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Daily Archives: December 20, 2021

Fun with Numbers: Covid 19 Edition

We’re in trouble here in Michigan. I just heard the breathless report on the news… The Omicron Variant is up 800% in just a few days!

It was one case. Now it’s eight.

We’re on day 643 of 14 days to flatten the curve…

Christmas Holiday Tips for Those in Recovery Dealing with Virtue-Signaling Family Members

Folks, the silly season is in full swing! We’ve got variants, masks, mandates, vaccines, attitudes and frayed nerves and family… what could go wrong when you drop a recovering alcoholic or addict in there?!

In these trying and troubled times™, we have to remember we’re all in this together©!

If you’ve had it “up to here” with over-blown, silly clichés, masks, mandates, and virtue-signaling, we have to get a little radical to get through the hoopla of Christmas parties sane, happy and above all else, sober.

My first big tip is “don’t participate” when the rhetoric gets cranked up. Look, someone is bound to broach the political or religious boundary when the conversation gets going. The hardest thing I have passing up is a softball with a perfect arc that you can just wait on and crush. Take the “omicron variant”. Someone will bring up that it’s 70 times more contagious in the hopes of stoking fear because they watch too much CNN. I like to say that I see the contagiousness of the new variant as a positive. The new variant is more contagious, sure, but it’s also vastly less deadly. Omicron will push out the more deadly Delta variant, so we’re actually several steps closer to the new Covid virus being “the common cold” and going back to full normal. This is a perfectly logical and reasonable response based on reality and science.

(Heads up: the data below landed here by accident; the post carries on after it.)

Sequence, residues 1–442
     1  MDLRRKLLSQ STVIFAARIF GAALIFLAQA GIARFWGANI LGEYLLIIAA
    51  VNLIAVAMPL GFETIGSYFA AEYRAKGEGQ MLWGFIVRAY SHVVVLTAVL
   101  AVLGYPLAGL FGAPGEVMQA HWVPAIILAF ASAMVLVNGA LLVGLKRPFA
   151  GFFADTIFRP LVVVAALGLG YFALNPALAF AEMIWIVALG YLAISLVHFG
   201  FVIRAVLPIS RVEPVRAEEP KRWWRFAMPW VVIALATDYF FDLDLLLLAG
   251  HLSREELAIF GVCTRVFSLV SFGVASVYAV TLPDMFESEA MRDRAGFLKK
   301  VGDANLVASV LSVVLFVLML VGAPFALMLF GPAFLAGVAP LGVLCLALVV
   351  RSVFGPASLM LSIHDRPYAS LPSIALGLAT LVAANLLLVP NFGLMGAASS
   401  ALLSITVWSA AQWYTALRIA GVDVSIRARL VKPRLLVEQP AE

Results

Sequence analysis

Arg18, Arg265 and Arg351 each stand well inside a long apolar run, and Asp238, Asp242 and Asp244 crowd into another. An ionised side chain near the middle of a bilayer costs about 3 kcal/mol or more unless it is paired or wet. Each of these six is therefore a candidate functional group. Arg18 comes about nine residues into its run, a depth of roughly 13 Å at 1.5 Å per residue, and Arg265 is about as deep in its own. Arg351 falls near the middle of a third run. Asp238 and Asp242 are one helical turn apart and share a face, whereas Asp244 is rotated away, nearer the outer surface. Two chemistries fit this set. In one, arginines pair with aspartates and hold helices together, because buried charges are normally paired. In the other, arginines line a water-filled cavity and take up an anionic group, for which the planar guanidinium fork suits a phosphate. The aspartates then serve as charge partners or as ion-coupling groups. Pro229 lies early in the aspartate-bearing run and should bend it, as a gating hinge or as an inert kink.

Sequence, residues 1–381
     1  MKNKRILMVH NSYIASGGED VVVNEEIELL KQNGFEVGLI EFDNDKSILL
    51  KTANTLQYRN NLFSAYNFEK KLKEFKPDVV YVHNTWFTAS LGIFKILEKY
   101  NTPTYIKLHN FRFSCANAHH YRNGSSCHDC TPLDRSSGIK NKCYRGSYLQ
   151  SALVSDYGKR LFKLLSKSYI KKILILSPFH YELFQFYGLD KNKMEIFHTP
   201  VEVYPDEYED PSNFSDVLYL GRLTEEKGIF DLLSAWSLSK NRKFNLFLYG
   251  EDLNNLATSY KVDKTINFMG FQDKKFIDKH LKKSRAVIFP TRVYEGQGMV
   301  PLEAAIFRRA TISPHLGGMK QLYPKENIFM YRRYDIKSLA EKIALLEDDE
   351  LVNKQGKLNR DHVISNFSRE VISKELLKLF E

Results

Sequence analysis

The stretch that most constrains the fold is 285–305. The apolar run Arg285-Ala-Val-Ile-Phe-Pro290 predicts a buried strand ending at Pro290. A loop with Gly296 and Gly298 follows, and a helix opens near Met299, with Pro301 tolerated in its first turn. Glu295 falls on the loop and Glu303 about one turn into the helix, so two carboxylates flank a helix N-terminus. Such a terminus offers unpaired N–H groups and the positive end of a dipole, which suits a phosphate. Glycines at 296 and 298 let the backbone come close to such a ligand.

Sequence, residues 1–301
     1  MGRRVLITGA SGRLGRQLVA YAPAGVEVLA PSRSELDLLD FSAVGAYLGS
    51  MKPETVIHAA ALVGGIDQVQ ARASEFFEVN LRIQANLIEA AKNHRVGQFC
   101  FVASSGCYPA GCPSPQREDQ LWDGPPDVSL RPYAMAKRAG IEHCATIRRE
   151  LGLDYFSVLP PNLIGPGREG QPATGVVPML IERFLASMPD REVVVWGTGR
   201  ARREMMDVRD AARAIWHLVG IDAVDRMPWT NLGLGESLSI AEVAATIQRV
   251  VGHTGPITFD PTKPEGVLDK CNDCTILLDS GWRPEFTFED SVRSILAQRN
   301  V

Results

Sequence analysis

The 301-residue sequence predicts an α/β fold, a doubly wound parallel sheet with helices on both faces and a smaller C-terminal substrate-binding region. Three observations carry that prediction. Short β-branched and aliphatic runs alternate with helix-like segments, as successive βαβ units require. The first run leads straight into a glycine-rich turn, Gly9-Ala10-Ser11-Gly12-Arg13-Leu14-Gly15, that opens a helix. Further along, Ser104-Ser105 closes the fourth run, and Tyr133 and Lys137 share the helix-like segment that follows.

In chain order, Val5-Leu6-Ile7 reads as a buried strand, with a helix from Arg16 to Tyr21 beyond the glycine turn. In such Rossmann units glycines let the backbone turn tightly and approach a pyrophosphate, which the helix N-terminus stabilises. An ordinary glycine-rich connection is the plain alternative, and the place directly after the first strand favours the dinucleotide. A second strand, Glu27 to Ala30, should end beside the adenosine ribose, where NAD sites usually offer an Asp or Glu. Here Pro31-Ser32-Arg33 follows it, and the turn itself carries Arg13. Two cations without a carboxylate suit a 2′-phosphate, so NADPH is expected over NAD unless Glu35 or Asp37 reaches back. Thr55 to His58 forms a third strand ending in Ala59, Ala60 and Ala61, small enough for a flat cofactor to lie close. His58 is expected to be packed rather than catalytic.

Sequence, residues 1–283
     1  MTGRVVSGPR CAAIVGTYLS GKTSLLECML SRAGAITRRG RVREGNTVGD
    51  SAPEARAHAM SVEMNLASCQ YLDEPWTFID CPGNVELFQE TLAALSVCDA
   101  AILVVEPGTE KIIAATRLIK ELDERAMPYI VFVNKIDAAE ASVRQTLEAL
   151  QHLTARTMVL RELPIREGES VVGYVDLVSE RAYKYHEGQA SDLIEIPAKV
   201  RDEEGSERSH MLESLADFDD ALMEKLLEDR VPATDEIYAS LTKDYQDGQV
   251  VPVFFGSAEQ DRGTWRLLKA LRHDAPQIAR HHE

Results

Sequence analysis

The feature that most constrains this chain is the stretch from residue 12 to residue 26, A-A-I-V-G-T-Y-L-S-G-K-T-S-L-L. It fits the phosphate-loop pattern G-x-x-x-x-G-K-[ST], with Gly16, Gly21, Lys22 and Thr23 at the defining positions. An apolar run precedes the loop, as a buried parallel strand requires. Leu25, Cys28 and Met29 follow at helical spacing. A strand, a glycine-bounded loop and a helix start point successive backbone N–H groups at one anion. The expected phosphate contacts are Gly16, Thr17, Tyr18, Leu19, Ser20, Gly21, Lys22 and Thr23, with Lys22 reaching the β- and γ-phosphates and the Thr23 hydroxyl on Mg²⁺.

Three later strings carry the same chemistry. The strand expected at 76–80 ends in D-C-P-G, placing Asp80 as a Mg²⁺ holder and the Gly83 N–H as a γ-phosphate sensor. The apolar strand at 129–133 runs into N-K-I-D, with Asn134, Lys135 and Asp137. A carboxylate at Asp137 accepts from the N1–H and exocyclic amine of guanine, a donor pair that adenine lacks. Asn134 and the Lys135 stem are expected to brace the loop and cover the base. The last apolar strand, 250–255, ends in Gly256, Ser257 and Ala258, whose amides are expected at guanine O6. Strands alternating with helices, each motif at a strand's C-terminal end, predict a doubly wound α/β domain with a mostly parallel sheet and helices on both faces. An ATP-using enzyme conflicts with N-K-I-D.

There’s one problem with that: you’ll open up a can of worms that can’t be shut because you’re not demonstrating proper fealty at the alter of Covid Panic™. Even though the scientific soundness of that response can’t be disputed with what we know about the new variant, those invested fear merchants can’t allow sanity to stand. You will be opening yourself up to name-calling the likes of which you won’t be prepared for.

Better would be the simple, “Look, let’s not get into the politics of a virus, please. Not at a Holiday dinner. We’ve had enough of that. Can’t we just have a nice time together?”

If that’s met with derision, and it likely will be, then we move to, “I’ve tried to be reasonable here. If you want to take this further, we can. I was just hoping to avoid the hot-button argument topics. We’ve had enough of that shoved at us to last a decade.”

If that doesn’t work, go with “Omicron is a good thing” as detailed above, and sit back and watch jaws drop.

Dealing with family members is often really trying for we in recovery. The less we can participate in the ugliness, the better. Try being being a light of good cheer, ignoring those who lead with negativity. Look at it as your reaction is being “fished” for. Try not taking the bait. This is often easier said than done (I speak from experience).

Finally, remember these things when dealing with an ugly situation over the holidays:

Recovery comes first. We don’t have to be mean about it, but we always protect our recovery. If a situation brings us too close to a craving, leave that situation and get your ass to a meeting where you’ll find friends. And yes, you can leave because you knew to leave yourself a way out before you put yourself in a potentially stressful situation to begin with. Second, go to your meetings, then schedule a few extra over the Holiday weeks if you can.

Family is what it is, my friends. Try not to read too much into it and enjoy it the best you can. For those times you can’t, get the hell out and find some friends in recovery. Chances are, there are more than a few going through the same things you are. At the very least, you’ll have a few good stories to tell over coffee.